Headstones and Memorial Design Gallery


Choosing a headstone design begins with telling a story. We can help you choose the headstone type, color, size, and shape that will most accurately tell the story of your loved one for generations to come. We offer a free, no obligation consultation with our designer and will provide a color rendering of your proposed memorial at no charge.

Q. How do you select a proper memorial?

A. History reveals that the erection of monuments is as old as civilization. A true memorial should be so designed that it has a two-fold purpose: First it should express your love, affection and admiration of one whose life was deeply woven with your own. By the use of interpretative ornaments and commemorative symbols, you can perpetuate precious personal ties. Secondly, it should endeavor to reflect something of the personality, achievements, ambitions, avocations or credo of the departed one.


Q. Where are the components found in a fine memorial?

IN THE LETTERING. Be sure the lettering is deep and legible without the use of black paint, which will eventually fade away or streak the monument.

IN THE CARVING OF THE ORNAMENT. Pay particular attention to the shape of ornamental leaves or flowers. Are they crude and shapeless? Careful comparison can distinguish artistry from crudity. Is the background of the design darker than the leaf itself? This is an indication of quality craftsmanship involving several detailed processes.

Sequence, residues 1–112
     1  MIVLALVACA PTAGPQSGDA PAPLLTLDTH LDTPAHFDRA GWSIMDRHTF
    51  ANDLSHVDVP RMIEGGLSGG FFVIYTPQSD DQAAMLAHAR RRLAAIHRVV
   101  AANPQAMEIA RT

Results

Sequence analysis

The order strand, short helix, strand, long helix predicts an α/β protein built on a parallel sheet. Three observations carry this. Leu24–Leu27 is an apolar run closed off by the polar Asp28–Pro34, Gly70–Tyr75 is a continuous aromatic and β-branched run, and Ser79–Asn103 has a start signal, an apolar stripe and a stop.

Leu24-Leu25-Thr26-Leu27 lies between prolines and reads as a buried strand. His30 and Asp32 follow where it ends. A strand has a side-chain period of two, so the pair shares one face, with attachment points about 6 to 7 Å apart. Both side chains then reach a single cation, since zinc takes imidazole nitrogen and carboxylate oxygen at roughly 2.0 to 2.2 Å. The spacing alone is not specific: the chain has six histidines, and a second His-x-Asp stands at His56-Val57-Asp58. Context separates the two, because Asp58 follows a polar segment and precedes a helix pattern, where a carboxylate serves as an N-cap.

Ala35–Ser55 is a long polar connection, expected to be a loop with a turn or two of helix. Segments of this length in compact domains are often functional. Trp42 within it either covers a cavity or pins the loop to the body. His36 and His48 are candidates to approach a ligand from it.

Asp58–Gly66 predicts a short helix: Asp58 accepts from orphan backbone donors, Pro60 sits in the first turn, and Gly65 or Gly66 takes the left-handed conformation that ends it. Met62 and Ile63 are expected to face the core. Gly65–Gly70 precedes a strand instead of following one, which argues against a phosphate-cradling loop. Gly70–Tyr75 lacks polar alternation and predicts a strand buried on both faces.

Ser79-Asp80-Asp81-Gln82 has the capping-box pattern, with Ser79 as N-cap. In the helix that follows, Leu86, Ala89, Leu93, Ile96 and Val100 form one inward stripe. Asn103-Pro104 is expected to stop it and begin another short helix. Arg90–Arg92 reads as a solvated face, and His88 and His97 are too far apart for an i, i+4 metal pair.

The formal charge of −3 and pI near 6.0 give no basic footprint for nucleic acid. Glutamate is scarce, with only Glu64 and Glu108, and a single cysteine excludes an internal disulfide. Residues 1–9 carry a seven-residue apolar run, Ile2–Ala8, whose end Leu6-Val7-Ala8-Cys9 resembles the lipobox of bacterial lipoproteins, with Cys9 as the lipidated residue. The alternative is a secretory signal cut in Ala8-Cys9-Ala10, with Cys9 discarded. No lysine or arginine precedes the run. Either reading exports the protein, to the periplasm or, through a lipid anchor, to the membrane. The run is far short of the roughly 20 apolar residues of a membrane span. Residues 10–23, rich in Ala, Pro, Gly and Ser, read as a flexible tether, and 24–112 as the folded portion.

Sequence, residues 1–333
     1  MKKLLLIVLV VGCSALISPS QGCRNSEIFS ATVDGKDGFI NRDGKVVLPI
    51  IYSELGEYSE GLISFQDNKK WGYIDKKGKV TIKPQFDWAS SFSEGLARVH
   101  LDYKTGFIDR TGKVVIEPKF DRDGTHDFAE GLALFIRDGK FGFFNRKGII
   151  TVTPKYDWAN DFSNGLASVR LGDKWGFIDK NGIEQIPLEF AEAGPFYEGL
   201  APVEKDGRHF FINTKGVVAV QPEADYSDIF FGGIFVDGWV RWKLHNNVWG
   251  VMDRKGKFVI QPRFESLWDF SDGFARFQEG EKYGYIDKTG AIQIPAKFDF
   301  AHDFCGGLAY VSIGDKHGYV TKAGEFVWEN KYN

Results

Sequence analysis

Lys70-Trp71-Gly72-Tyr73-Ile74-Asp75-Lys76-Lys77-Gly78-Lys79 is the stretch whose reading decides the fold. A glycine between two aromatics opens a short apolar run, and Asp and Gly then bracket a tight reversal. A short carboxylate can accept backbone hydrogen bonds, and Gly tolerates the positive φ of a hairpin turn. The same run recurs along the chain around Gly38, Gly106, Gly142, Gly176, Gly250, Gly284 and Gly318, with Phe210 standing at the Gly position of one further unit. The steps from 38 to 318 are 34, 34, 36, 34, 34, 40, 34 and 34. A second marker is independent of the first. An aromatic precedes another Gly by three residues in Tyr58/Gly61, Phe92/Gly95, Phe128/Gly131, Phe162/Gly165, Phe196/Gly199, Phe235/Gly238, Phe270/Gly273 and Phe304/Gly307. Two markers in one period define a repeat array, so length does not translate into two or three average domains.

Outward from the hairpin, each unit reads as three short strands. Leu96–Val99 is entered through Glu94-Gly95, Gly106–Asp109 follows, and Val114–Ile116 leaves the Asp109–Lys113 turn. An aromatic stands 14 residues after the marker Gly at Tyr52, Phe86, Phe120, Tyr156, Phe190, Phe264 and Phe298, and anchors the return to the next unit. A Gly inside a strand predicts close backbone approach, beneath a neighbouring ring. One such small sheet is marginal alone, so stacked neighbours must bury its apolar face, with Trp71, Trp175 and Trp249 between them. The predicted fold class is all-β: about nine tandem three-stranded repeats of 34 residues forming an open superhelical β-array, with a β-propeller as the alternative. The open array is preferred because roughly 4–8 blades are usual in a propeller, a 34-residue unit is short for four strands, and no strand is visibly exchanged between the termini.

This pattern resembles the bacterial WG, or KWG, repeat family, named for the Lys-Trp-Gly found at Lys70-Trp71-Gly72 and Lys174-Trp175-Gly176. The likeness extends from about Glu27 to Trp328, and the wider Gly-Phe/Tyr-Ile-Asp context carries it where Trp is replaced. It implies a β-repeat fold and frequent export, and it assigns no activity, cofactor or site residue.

IN THE FINISHES. Do polished surfaces have a high deep shine or are they dull and lusterless? Does a deep and dark polished area or a weak grey polish that is hardly different from the face border the lettering surface?

SIZE IS NOT A MEASURE OF VALUE. Granite for monumental purposes of any size from the same area can vary greatly in color, purity and cost. Furthermore, the craftsmanship on a small monument can excel that of a larger one.

Q. How soon after death should a monument be ordered?

A. Monuments should be ordered at the time of funeral arrangements, since it requires considerable time to manufacture. The granite must first be quarried, after which it goes through many processes. However, the most time consuming element in the erection of a monument is the building of the foundation. Some cemeteries will not pour a concrete foundation until nine months after the burial. Please consult with our Monument Department concerning such questions and regulations. The winter months prevent the construction of foundations because concrete cannot be mixed during freezing weather. If an unveiling is planned for the early spring, arrange to purchase the monument no later than early November. The foundation can then be finished during December before the frost sets in. Foundation construction is usually halted in winter until late March or April after the ground has thawed. The average time is 2 to 4 months for the memorial to be in place at the gravesite.

Q. What facts and information should you take with you when purchasing a monument?

A. 

1) The name of the cemetery where it is to be delivered.
2) The name of the congregation or Burial Society that sold you the grave or       a deed to the plot.
3) The correct English name of the deceased.
4) The correct birth date.